The central bay is flanked by large archways with rustication on the first storey, while the second storey features twin Ionic columns and is topped by triangulated pediments and a decorative balustrade. Together with the plaster mouldings adorning the front and sides of the main entrance, these architectural elements give the building a sense of grandeur and dignity.

 

The buildings of the Singapore Philatelic Museum and National Archives formerly housed the Anglo-Chinese School (ACS). ACS was one of the earliest institutions established by British Methodist missionaries in Singapore, combining Christian doctrines into the teaching curriculum. ACS, founded in March 1886 in Amoy Street, was relocated in 1892 to the Fort Canning site, next to the first Methodist church which was later demolished. This campus was used by the school until November 1993 when ACS Primary moved to Barker Road.

 

The building currently housing the Singapore Philatelic Museum was built in 1907. It was designed by Tomlinson and Lermit Architects and commissioned by the ACS Trustees as an extension block to the old ACS. In the 1970s and 80s, the building housed the Methodist Book Room, before being converted to become the Singapore Philatelic Museum in 1995.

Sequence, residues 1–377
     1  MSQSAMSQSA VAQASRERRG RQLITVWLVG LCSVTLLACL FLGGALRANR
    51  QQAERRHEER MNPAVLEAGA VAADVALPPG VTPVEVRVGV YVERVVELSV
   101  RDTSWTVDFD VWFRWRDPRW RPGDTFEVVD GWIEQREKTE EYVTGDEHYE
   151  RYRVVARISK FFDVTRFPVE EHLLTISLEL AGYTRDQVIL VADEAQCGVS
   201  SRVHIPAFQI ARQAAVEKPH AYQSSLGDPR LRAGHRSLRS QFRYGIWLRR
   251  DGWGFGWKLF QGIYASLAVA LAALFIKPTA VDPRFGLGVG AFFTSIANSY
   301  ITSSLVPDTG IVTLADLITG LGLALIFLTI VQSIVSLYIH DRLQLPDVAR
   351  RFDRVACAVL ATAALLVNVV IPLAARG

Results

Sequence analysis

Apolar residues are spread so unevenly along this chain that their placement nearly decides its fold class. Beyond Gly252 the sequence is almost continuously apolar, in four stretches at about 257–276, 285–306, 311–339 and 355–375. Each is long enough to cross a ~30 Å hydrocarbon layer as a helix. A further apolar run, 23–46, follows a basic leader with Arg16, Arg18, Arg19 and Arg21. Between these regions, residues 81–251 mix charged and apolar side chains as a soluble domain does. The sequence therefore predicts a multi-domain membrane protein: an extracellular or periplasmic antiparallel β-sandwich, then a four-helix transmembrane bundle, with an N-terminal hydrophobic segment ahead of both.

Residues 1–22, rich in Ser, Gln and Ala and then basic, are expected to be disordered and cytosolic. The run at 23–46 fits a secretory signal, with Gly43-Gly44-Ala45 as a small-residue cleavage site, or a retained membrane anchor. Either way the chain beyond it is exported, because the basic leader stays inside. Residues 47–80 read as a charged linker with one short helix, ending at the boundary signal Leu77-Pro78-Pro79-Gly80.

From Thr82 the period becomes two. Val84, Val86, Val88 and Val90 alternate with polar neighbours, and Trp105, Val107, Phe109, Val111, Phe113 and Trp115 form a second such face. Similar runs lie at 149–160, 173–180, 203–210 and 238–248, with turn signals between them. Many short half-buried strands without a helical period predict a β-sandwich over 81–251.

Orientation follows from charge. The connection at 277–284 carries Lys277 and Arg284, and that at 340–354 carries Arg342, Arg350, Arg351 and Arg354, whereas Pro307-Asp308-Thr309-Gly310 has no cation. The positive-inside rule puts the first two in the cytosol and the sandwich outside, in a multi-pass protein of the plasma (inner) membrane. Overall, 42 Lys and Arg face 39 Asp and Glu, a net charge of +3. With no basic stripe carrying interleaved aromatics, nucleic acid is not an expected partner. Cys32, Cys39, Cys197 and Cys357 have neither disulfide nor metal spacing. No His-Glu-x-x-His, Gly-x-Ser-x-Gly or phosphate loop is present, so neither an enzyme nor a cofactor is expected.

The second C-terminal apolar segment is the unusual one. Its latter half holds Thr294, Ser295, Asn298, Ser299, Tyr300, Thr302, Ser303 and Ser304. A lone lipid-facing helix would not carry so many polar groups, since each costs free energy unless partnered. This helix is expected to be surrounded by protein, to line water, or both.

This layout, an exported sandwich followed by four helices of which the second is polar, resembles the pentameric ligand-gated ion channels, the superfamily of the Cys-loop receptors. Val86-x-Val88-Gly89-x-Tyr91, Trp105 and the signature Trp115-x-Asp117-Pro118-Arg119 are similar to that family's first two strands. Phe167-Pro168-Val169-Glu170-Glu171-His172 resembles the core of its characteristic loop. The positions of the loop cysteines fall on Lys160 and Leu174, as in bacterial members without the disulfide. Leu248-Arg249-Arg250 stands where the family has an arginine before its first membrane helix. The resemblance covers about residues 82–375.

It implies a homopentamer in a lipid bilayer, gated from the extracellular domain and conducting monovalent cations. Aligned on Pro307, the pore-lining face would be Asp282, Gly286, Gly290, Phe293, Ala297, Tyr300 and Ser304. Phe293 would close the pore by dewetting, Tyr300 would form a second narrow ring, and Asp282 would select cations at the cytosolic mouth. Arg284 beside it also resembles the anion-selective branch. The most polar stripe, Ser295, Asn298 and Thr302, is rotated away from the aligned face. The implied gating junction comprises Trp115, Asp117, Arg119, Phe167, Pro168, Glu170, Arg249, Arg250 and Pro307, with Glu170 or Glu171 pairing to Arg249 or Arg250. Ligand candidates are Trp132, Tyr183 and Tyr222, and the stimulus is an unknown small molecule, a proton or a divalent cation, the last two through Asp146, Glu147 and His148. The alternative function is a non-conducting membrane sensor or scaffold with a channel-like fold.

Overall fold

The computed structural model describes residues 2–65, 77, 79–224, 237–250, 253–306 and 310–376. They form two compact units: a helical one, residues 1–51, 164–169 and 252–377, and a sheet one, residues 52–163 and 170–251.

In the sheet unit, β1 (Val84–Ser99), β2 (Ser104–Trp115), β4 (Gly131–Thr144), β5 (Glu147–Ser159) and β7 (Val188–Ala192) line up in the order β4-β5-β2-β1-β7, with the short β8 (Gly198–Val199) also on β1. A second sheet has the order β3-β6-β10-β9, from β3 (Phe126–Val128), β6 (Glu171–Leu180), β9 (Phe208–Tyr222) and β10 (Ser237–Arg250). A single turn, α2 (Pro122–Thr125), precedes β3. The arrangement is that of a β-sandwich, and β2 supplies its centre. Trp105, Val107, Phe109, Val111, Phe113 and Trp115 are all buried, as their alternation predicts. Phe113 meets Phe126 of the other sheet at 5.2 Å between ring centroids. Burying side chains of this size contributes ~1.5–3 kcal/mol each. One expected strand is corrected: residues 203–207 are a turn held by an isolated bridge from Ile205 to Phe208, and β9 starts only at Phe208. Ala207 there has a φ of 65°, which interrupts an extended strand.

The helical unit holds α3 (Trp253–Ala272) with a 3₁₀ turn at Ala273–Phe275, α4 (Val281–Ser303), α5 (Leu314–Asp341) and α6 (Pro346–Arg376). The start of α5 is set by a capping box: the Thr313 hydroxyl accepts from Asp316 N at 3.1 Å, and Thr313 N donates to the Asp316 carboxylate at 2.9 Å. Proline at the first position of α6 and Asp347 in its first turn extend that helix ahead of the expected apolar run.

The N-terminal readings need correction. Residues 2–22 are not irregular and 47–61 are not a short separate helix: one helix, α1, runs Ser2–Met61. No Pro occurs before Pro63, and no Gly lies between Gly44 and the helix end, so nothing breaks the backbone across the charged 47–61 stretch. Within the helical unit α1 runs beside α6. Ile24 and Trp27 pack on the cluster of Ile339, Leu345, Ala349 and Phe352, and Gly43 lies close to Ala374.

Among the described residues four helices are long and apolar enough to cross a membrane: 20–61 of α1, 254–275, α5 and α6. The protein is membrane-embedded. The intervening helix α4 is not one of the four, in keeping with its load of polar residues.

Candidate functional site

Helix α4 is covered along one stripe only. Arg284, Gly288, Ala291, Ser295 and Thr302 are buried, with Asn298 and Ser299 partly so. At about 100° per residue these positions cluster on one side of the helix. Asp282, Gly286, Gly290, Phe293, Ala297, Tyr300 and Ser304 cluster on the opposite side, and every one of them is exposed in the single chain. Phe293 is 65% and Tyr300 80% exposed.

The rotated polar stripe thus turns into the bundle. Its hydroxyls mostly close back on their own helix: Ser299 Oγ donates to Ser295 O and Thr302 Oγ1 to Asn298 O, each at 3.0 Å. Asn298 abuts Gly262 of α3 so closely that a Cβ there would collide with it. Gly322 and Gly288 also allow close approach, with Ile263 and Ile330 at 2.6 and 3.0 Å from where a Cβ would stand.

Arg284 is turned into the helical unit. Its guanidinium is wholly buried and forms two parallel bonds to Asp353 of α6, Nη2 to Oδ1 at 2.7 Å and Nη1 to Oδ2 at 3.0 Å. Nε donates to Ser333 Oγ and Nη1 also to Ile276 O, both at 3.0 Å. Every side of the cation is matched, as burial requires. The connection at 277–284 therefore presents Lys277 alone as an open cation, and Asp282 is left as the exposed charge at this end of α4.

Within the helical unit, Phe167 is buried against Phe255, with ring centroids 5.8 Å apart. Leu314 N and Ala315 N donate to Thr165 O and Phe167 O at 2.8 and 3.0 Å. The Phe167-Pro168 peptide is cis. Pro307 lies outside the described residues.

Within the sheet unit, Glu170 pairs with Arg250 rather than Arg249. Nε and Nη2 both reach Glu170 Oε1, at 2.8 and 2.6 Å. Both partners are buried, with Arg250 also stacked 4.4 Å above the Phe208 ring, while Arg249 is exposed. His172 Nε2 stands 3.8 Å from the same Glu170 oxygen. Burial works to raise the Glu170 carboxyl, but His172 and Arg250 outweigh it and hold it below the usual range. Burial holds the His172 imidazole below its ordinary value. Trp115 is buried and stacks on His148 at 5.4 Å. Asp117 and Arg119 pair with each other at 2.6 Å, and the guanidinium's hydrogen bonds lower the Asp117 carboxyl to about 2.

The building’s architectural features are characteristic of the Colonial era. The façade is accentuated with arches along the second storey verandahs and a distinctive pediment in the central bay, adding to the distinctive streetscape along Coleman Street. 

 

The site on which the National Archives now sits was originally occupied by an old 1897 school building known as Oldham Hall, named after ACS’ founder Bishop William F. Oldham, who became a teacher and principal of the school. It was redeveloped in 1959 into an elegant Modern style reinforced concrete building. At four storeys, the building is taller than the Masonic Hall and the Singapore Philatelic Museum but still retains a sense of scale that is in harmony with the park surroundings.